Monday, September 28, 2009

Revisiting Stop Words and Clutter Words

The final item on the Query Checklist that I'm revisiting is #7: Did I use any stop words or clutter words?

Briefly, stop words are terms ignored by the search engine: common parts of speech that don't add significant content such as pronouns, prepositions and conjunctions. Google lists some of its exceptions to the "every word counts" rule. Here's a more complete list of overlooked words.

One way to tell if a word is being overlooked is to examine the query results. Consider the query here are all the stop words (not using quotes). In Google, all the words will appear in bold if the exact phrase is found (you don't need quotes to return the exact phrase). If only certain words from the query were used to find a matching result, those words will be shown in bold. In my query example, the second snippet contains the word 'the' but it does not appear in bold. Yahoo is similar.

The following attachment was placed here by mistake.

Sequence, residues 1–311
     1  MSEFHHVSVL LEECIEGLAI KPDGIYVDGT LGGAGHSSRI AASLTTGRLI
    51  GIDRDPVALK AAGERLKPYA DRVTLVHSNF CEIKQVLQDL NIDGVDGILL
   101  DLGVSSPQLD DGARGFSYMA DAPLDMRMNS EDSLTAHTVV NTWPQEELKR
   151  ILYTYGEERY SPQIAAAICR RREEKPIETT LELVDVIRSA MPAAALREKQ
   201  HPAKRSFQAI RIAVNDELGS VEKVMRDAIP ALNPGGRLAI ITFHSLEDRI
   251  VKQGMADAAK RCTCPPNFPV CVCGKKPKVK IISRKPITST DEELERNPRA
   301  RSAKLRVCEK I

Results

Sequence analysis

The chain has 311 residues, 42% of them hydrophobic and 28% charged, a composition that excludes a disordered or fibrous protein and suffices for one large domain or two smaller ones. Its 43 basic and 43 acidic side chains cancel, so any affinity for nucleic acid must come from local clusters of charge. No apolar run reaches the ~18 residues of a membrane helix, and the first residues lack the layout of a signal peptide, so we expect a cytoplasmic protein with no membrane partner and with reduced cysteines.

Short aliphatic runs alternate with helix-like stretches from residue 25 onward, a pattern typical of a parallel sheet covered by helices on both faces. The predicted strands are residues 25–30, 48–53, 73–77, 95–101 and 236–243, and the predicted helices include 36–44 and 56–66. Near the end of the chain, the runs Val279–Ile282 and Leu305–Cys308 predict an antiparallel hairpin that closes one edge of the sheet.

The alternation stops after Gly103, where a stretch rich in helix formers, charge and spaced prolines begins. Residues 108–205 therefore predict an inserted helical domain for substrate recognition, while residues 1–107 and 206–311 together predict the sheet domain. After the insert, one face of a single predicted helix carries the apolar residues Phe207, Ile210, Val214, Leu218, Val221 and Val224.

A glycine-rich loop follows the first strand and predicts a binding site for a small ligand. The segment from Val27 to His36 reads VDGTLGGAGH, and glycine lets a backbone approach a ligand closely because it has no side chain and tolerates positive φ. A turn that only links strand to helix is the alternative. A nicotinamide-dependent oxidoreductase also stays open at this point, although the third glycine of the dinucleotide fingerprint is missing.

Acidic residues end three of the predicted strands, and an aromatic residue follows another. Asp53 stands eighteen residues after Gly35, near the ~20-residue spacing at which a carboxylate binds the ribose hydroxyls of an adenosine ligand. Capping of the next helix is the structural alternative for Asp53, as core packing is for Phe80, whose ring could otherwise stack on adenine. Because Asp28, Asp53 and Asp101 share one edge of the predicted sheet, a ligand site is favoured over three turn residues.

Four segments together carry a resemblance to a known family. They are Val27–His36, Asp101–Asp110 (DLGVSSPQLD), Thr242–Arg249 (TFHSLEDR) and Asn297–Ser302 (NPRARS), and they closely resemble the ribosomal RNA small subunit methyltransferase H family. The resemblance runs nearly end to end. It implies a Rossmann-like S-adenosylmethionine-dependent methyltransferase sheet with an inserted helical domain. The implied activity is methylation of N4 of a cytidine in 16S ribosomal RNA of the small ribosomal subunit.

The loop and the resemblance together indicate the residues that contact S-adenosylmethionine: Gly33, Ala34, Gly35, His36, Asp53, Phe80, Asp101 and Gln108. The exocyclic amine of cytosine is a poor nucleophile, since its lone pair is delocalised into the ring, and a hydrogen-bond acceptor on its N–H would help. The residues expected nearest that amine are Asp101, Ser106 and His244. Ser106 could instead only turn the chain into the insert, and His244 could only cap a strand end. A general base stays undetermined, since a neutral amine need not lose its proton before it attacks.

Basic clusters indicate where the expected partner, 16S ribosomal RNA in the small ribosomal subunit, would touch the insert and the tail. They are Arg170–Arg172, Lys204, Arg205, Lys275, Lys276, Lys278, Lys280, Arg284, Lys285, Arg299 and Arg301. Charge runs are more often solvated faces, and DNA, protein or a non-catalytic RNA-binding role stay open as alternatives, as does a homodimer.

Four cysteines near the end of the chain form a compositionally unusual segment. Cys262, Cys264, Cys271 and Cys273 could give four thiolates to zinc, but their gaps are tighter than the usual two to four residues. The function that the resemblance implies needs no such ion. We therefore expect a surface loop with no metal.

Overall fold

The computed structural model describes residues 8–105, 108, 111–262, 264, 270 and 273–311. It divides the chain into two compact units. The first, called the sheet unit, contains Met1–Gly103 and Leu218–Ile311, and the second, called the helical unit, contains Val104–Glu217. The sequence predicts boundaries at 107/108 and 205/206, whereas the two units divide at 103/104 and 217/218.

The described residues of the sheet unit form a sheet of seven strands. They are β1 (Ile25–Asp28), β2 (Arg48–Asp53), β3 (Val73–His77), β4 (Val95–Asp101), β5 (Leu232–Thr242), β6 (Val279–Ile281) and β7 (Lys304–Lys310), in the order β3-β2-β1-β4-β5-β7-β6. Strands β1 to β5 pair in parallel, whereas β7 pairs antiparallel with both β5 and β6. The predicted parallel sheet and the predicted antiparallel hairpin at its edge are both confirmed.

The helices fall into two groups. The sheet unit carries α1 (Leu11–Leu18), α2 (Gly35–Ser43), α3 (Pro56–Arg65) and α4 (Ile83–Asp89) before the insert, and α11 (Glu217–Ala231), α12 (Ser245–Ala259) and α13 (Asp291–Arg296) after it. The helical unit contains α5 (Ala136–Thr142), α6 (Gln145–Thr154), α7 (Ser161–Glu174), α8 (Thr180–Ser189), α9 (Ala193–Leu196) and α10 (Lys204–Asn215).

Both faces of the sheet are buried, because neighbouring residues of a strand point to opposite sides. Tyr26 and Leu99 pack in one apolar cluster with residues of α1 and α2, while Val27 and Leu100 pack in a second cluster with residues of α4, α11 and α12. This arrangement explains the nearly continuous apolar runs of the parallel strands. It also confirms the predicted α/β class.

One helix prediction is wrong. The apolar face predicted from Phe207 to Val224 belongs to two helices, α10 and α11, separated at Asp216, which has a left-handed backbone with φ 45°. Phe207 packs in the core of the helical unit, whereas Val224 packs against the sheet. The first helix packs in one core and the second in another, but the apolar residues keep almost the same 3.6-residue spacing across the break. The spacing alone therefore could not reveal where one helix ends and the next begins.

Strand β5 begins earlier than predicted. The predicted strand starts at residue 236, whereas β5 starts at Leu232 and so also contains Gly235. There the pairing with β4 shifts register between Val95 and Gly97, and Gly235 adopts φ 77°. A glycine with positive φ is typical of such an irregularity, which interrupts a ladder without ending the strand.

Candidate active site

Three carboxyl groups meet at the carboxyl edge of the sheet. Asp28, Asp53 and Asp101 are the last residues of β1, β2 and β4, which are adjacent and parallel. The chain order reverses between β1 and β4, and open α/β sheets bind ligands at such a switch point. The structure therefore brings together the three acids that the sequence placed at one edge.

One way to guarantee ALL the words are used is to link them with the AND operator (returning results containing all the words but not necessarily in the order you used them) or putting quotes around the phrase (returning results containing the exact phrase you submitted).

Stop words are so common they add little to the uniqueness of a query, which helps drive you to more well-matched, meaningful results. Students might be tempted to use stop words with a natural language query (e.g., I want a list of all the stop words), thinking this means something to the search engine. The query, list stop words gets to the point.

In a similar vein, clutter words are less common than stop words but don't add value to the query. In fact, they may detract from it, forcing the search engine to look for words you think are important but do not occur with the information you are seeking. Clutter words include unnecessary redundancies (like earthquake AND damage--in which case damage is redundant: it's hard to write about earthquakes without referring to damage or destruction or a bunch of other words you might not have used). Verbs, adjectives and adverbs are often clutter terms as well. A good rule of thumb to keep in mind is "if you can't clearly see it, don't use the word." Stick to objects--nouns and numbers.

All in all, the Query Checklist has held up well over the past few years. Once the list is internalized it can help you cut down on search time and produce more relevant results.

Next time: It's probably time for another Search Challenge!

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